“When violence erupts, the government does nothing or cracks heads almost indiscriminately. Nigeria’s army is mighty on paper. But many of its soldiers are “ghosts” who exist only on the payroll, and much of its equipment is stolen and sold to insurgents. The army is also stretched thin, having been deployed to all of Nigeria’s states. The police are understaffed, demoralised and poorly trained. Many supplement their low pay by robbing the public they have sworn to protect.

“To stop the slide towards lawlessness, Nigeria’s government should make its own forces obey the law. Soldiers and police who murder or torture should be prosecuted. That no one has been held accountable for the slaughter of perhaps 15 peaceful demonstrators against police abuses in Lagos last year is a scandal. The secret police should stop ignoring court orders to release people who are being held illegally. This would not just be morally right, but also practical: young men who see or experience state brutality are more likely to join extremist groups.

Things don’t have to fall apart

“Second, Nigeria needs to beef up its police. Niger state, for instance, has just 4,000 officers to protect 24m people. Local cops would be better at stopping kidnappings and solving crimes than the current federal force, which is often sent charging from one trouble spot to another. Money could come from cutting wasteful spending by the armed forces on jet fighters, which are not much use for guarding schools. Britain and America, which help train Nigeria’s army, could also train detectives. Better policing could let the army withdraw from areas where it is pouring fuel on secessionist fires.

“The biggest barrier to restoring security is not a lack of ideas, nor of resources. It is the complacency of Nigeria’s cosseted political elite—safe in their guarded compounds and the well-defended capital. Without urgent action, Nigeria may slip into a downward spiral from which it will struggle to emerge.”

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Charges Against Nnamdi Kanu Mere Speculations, Won’t Stand In Court – Ifeanyi Ejiofor

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The lead counsel of Nnamdi Kanu, the embattled leader of the Indigenous People of Biafra (IPOB), Ifeanyi Ejiofor, has rubbished the charges against his client.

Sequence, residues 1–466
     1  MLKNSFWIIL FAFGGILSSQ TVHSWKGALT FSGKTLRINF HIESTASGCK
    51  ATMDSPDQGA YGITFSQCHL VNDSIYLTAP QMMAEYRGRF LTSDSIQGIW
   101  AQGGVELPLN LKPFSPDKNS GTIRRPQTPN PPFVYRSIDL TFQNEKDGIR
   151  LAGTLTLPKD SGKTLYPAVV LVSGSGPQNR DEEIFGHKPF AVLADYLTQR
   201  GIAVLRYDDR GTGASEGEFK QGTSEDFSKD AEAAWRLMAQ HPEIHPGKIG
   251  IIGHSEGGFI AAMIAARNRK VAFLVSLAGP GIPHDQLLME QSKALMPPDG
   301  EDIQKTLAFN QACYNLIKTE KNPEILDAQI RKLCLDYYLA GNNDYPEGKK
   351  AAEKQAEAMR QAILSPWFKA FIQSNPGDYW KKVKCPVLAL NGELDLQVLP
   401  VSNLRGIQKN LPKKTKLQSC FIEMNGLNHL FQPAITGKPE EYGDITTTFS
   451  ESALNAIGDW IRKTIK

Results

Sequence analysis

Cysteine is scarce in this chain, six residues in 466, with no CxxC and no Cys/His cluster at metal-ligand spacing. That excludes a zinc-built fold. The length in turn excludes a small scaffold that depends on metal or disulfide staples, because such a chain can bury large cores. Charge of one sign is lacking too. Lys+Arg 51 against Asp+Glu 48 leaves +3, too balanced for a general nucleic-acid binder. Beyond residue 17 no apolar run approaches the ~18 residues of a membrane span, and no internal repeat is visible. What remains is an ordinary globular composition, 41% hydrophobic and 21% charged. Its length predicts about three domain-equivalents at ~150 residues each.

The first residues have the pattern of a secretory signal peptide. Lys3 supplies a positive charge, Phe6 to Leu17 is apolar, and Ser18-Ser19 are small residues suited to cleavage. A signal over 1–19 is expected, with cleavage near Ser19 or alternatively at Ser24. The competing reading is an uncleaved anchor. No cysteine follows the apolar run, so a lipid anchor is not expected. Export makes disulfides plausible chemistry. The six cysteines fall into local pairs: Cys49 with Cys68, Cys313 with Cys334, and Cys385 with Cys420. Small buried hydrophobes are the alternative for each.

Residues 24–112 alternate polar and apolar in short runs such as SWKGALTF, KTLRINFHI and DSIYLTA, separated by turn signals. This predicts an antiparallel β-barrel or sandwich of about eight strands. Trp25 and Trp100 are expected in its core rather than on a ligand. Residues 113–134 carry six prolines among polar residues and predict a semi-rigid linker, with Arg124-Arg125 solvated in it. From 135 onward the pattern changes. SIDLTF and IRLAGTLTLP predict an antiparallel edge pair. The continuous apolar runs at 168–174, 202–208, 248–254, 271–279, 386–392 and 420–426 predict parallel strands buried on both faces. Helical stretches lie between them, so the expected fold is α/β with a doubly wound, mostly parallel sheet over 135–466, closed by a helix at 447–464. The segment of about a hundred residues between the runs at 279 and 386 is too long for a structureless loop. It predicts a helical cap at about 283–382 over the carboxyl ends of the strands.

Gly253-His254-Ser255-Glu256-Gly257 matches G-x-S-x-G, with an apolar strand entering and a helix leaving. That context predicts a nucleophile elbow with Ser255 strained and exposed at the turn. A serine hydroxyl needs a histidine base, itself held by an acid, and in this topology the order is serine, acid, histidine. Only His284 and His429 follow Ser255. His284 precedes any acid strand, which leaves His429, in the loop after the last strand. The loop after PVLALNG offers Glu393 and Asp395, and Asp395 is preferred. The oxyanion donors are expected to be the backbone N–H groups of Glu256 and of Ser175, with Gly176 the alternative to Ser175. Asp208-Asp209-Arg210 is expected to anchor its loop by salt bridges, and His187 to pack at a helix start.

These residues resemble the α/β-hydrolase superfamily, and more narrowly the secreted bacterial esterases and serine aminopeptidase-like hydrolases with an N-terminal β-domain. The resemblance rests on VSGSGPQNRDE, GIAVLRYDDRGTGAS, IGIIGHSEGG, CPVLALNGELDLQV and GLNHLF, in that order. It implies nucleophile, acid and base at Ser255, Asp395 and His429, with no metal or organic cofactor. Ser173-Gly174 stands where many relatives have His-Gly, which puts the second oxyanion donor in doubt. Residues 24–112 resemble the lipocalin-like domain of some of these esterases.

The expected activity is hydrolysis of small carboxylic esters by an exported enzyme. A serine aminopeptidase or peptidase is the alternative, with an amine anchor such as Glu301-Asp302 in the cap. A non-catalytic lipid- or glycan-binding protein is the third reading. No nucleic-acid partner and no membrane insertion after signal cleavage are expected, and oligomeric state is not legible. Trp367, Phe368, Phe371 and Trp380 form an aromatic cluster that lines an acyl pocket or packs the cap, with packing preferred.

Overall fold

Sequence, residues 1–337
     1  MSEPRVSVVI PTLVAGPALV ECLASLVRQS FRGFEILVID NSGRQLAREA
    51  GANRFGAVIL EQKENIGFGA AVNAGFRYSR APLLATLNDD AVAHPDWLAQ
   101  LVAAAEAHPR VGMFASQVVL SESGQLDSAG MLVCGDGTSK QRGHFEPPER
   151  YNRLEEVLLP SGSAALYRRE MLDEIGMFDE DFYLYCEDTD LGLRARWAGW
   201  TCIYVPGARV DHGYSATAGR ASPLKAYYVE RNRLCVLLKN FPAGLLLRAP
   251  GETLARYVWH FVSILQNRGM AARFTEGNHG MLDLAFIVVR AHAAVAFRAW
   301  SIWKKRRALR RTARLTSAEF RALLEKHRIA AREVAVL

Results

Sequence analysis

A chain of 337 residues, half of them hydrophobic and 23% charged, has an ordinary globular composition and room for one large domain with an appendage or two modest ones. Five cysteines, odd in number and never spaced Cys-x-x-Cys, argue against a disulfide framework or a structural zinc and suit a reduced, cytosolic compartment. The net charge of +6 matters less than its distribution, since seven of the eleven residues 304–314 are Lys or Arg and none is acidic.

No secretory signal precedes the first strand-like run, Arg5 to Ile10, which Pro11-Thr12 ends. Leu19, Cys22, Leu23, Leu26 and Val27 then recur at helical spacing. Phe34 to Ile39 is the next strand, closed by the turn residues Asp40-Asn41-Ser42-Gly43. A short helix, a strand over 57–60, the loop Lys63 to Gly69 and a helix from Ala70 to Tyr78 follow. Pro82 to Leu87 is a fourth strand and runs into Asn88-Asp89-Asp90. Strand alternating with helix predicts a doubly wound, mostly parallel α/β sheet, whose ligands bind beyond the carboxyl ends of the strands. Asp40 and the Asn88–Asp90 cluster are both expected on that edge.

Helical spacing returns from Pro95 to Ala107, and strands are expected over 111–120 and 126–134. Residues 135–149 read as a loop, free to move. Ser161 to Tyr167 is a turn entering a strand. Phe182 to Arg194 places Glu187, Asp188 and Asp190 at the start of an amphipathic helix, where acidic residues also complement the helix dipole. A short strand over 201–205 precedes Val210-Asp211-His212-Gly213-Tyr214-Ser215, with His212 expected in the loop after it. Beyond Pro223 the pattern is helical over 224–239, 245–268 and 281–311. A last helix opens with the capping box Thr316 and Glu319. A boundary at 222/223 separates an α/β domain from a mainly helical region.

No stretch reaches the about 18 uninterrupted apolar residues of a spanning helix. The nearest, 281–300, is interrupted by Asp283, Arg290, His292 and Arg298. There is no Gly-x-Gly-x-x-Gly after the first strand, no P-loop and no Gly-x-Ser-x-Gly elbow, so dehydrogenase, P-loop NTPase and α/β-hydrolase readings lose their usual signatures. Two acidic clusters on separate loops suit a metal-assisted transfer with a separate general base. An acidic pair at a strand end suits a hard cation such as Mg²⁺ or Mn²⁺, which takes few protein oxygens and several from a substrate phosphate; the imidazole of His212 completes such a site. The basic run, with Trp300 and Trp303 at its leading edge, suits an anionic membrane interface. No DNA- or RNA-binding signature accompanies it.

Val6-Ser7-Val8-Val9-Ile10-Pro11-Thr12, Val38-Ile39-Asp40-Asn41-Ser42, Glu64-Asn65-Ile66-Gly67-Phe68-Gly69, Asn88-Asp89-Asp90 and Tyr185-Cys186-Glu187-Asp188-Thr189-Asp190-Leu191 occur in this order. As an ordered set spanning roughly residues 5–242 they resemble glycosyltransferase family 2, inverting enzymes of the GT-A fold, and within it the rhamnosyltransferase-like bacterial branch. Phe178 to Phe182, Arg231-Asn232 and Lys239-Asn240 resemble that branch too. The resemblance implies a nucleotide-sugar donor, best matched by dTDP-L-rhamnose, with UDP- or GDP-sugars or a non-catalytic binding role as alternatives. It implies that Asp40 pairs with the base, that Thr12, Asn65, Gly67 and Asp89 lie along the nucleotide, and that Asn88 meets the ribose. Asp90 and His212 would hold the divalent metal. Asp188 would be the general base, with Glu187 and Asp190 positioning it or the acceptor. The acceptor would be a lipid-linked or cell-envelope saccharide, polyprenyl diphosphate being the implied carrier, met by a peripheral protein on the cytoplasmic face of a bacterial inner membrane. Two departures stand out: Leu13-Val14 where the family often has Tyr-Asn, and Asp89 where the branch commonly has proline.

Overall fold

Recall that journalist and individuals were barred from witnessing the trial of Nnamdi Kanu on Thursday.

Following the trial, AGF Abubakar Malami had in a press conference accused Nnamdi Kanu of killing Dr Chike Akinyuli and former presidential aide, Ahmed Gulak.

The AGF also accused the Kanu-led IPOB of attacking 164 police stations and killing 175 security operatives across the country, stating that a Presidential Ad-hoc Committee which was inaugurated by President Muhammadu Buhari to investigate activities of the IPOB came up with the figures.

He noted that 175 security personnel killed comprised of 128 Policemen, 37 military personnel and 10 other security operatives.

The minister alleged that Kanu’s broadcasts fuelled the #EndSARS protests that led to the destruction of public facilities, including the attack on the Oba of Lagos.

Malami said Kanu is not alone in his operations but has been receiving help from some individuals, countries and organizations sympathetic to his cause.

Reacting in a post on his Facebook page, Ejiofor stated that most of what Malami accused Nnamdi Kanu of has been addressed by the IPOB’s leader counsel.

According to the pro-Biafra activist lawyer, he would ensure their is media presence, going forward, in the courtroom during the hearing of the IPOB leader’s case.

He wrote, “Henceforth, No Hearing will be conducted in our Client’s case without media present, we shall insist, come 10th November 2021.

“After a robust outing of 21st October, and strong objection raised to the empty charge, the narratives changed.

“Note that the media has been awashed with this false narrative right from the very first day our client was extraordinarily renditioned to Nigeria, even before the amended seven charges were filed twice.

“Their seven counts were amended twice upon being served with our Preliminary Objection. Remember that the facts they substantially relied upon in their purported amended charge, dwelt much on this speculation as you saw in their press statement.

“In all, I implore you all to remain calm, peaceful and focused, your eyes should always be on the ball, because we will demystify them only in law court. They cannot place something on nothing and expect it to stand, it must fail woefully!”